Theatre en Bloc's Jenny Lavery became aware of The Totalitarians shortly after it was first produced a few years ago. And in that short time, the political comedy has already started to feel less farcical.
"I knew that it was timely," she says, "but with current politics as it is, the play has become even more timely. Peter Sinn Nechtrieb wrote a crazy, outlandish farce based on the Obama and Palin election cycle. But now with Trump and Clinton in the mix... it's now becoming more realistic."
For Lavery and the rest of Theatre en Bloc, the months leading up to the 2016 election was the perfect time to stage The Totalitarians. "If this play was going to be produced, I felt like it needed to be produced before this election," Lavery says.
Barbara Chisolm stars as Penny Easter, a wealthy but perhaps unqualified candidate for statewide office in Nebraska. She's charismatic but inconsistent, watchable but possibly dangerous. The play centers around Easter, her speechwriter Francine, and Ben, a young radical who's determined to stop Easter's meteoric rise in Nebraska politics.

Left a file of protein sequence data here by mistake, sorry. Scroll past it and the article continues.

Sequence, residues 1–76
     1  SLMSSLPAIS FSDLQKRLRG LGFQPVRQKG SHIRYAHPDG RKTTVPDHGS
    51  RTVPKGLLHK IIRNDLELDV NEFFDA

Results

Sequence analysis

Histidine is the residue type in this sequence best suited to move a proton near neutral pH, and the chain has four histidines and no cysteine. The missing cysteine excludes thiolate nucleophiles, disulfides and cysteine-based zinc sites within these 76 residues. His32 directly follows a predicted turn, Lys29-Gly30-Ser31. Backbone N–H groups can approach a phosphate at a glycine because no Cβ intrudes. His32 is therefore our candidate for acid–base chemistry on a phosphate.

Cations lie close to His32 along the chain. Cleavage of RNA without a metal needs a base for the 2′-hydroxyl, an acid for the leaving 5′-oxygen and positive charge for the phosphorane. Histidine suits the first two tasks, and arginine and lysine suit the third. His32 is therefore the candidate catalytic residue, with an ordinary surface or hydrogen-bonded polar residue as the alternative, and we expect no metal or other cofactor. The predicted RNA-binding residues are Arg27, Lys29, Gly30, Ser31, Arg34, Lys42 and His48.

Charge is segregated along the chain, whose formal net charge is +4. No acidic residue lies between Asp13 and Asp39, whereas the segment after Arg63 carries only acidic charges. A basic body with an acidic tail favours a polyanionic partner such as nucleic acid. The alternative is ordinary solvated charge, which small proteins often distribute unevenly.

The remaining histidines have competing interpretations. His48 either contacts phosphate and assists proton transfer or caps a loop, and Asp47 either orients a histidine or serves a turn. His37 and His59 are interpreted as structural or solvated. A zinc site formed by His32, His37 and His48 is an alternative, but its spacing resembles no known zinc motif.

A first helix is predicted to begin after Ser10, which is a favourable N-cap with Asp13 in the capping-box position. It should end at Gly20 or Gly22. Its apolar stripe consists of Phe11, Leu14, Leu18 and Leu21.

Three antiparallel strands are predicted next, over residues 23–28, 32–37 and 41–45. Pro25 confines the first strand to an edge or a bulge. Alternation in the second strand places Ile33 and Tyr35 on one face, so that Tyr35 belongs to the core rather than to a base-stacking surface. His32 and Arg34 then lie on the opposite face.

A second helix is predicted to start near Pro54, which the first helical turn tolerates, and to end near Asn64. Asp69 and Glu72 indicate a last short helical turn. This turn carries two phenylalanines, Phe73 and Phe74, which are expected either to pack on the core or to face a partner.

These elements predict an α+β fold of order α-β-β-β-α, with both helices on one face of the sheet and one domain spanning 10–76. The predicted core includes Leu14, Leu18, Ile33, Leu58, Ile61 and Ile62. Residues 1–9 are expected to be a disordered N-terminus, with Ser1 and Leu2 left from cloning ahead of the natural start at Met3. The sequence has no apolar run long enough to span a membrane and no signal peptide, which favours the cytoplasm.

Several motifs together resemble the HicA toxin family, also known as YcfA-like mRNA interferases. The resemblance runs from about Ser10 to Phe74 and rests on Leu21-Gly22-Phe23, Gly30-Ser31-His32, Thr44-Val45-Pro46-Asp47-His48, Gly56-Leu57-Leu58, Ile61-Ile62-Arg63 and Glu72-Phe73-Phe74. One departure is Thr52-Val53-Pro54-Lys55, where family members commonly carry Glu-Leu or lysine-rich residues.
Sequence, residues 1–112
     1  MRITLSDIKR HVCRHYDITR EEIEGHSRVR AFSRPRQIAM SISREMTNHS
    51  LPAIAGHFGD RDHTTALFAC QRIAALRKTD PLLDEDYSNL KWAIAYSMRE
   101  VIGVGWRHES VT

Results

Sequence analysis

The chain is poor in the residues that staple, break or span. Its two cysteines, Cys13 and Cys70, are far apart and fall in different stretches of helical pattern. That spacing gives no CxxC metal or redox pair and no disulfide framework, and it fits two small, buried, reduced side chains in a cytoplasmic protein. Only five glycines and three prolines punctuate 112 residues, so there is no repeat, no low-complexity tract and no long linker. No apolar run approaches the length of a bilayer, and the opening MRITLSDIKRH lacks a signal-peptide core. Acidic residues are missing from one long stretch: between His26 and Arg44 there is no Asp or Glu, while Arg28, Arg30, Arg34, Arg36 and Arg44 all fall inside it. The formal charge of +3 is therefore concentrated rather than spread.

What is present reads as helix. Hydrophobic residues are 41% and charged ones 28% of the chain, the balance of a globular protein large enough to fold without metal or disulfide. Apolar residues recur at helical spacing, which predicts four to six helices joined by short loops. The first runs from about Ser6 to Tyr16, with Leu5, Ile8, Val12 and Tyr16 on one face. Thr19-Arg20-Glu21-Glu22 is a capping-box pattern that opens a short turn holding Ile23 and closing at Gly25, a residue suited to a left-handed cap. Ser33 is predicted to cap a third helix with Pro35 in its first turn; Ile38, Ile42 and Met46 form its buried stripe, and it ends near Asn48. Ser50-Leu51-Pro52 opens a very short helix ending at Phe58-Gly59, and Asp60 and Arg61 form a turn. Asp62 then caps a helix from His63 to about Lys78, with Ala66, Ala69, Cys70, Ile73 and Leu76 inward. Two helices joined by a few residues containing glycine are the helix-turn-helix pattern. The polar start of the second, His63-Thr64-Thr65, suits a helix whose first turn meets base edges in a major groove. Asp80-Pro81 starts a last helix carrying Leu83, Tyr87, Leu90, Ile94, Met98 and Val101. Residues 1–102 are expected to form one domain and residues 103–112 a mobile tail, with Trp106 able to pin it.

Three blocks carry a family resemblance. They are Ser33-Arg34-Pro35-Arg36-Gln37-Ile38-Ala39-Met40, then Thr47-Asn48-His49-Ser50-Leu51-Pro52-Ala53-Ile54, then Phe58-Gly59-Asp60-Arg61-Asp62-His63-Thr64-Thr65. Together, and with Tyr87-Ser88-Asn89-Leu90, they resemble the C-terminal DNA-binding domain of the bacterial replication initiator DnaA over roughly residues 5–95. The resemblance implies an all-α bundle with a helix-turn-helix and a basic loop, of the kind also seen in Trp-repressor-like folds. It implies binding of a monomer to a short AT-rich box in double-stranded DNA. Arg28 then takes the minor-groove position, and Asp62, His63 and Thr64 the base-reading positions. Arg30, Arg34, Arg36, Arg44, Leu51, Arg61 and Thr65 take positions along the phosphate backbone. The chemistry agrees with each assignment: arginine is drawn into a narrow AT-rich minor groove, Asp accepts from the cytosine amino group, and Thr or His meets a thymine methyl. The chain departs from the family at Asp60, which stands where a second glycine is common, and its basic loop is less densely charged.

Chisolm believes that Easter, if she existed in real life, would gather a strong following. "I lot of people would vote for her," Chisolm says. But would Chisolm support a real world Penny Easter? "Me personally? I hope not!" she says.
Co-star Aaron Johnson (Ben) adds "There's some hesitation, though, because her words are very powerful."
And Lavery? "Maybe if it was the PTA or something," she says, to which Chisolm adds "Because she would GET IT DONE."